“Thankfully, we have a good messenger in Leader Jeffries, who has been forcefully pushing back and holding Republicans accountable,” Aguilar said after another news conference Wednesday.

Biden has not held a public event regarding the negotiations since returning from Japan late Sunday. He did comment on the state of negotiations while in Japan, but not enough to assuage House Democrats’ nerves.

White House press secretary Karine Jean-Pierre rejected the notion that Biden has not spoken on the debt limit clearly and forcefully.

“You’ve heard from the president multiple times over the weekend,” she told reporters Tuesday. “You’ve heard from the president multiple times during the last five months. He’s been very clear. You’ve heard from me; you’ve heard from others. We’ve had our economic team out there talking about this on [television] networks.”

Even so, Democrats have seethed in private over what they view as the White House’s 20th century approach to high-stakes negotiations - all done behind closed doors, with an occasional designated leak of information designed to shame the other side. Biden is adhering to the notion of not negotiating through the press, while McCarthy has frequently engaged the media.

The House speaker has been a whirling-dervish of communication with the press, engaging roughly a dozen times in hallway interviews since the House gaveled into session on Monday. His top lieutenants in the negotiations, Reps. Garret Graves (R-La.) and McHenry, did a short televised news conference Tuesday morning before their talks with top Biden officials. Later that day, after the 2½-hour negotiation session ended, they gave reporters a nearly 50-minute readout of their side of the talks.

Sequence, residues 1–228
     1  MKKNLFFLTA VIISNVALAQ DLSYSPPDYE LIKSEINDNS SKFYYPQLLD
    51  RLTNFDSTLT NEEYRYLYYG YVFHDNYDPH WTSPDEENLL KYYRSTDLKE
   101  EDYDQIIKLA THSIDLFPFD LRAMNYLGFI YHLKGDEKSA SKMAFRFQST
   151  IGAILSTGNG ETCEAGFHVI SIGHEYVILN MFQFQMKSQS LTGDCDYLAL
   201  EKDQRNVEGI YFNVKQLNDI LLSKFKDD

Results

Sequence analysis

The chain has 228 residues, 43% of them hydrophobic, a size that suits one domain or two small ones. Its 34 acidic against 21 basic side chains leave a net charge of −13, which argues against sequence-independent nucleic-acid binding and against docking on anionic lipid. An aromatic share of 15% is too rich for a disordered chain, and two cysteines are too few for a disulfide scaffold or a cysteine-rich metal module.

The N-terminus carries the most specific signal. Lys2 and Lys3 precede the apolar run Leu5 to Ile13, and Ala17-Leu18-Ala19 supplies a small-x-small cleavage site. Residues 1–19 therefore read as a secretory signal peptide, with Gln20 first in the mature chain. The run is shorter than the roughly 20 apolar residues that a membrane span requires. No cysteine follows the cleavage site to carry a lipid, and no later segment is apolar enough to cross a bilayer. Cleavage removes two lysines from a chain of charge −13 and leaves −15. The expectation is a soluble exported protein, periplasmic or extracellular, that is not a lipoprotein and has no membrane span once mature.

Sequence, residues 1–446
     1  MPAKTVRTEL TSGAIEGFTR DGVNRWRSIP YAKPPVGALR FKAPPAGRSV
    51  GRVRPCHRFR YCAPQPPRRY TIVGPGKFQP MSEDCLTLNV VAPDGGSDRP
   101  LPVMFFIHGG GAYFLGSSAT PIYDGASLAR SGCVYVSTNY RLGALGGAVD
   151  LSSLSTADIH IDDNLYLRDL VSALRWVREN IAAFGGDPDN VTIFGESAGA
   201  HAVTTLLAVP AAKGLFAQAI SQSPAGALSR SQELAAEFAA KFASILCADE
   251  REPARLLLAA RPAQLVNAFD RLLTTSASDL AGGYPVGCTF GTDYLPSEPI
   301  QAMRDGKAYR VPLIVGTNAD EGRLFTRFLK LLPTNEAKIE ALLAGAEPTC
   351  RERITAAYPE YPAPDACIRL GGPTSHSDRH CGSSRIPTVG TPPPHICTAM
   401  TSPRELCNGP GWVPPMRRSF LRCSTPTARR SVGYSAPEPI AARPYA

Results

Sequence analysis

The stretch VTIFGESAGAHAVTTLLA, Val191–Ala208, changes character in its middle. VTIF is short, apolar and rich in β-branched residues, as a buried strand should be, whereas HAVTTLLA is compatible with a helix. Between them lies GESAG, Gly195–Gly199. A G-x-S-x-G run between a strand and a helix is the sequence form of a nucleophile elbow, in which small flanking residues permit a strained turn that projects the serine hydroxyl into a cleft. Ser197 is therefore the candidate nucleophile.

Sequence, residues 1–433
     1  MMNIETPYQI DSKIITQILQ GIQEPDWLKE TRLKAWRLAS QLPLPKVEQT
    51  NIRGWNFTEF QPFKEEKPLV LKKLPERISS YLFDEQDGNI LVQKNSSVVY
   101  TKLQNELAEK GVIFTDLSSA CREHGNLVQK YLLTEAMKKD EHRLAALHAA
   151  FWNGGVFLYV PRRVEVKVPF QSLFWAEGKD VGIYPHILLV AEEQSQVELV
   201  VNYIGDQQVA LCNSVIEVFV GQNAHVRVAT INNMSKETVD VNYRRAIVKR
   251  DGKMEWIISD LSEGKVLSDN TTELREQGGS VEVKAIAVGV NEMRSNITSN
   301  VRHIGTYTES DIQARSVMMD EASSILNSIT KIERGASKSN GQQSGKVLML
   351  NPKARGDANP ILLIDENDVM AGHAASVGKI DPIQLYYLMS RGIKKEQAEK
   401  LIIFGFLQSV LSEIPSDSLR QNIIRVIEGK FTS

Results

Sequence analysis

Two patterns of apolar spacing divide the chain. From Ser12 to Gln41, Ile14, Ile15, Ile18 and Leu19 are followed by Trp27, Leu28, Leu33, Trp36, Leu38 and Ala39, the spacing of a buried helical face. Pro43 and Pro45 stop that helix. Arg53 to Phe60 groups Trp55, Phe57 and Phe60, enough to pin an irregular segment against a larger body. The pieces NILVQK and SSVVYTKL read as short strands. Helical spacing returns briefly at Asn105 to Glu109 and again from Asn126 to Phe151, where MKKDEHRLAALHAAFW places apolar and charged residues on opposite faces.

All the while, Biden remained mostly silent, which Democrats say has helped Republicans appear reasonable.

[U.S. debt default could hit Social Security payments first]

Democrats on Capitol Hill want the president to frame Republicans as extreme hostage takers of the debt limit, which requires an act of Congress to lift. The frustration among Democrats spread throughout the caucus Friday after negotiations fell apart and Republicans took hold of the messaging while the White House did not explain what went wrong from their perspective.

The White House argues that the president has been touting the Democratic position in short interactions with the press and that inside the negotiating room, Biden and his team - which includes Director of the Office of Management and Budget Shalanda Young, White House Counselor Steve Ricchetti and Director of Legislative Affairs Louisa Terrell - are working to save the president’s student loan relief program and green energy tax credits and investment, while resisting work requirements on social programs.

In a sign that advisers want to escalate the debate, the White House on Wednesday afternoon accused Republicans of trying to “actively harm their own constituents.”

“House Republicans need to be called out for the vicious threat they are making to sabotage America, and to put down the gun they’re holding to the head of middle class jobs,” deputy White House press secretary Andrew Bates wrote in a memo. “Then they need to face reality and work across the aisle on a reasonable budget agreement.”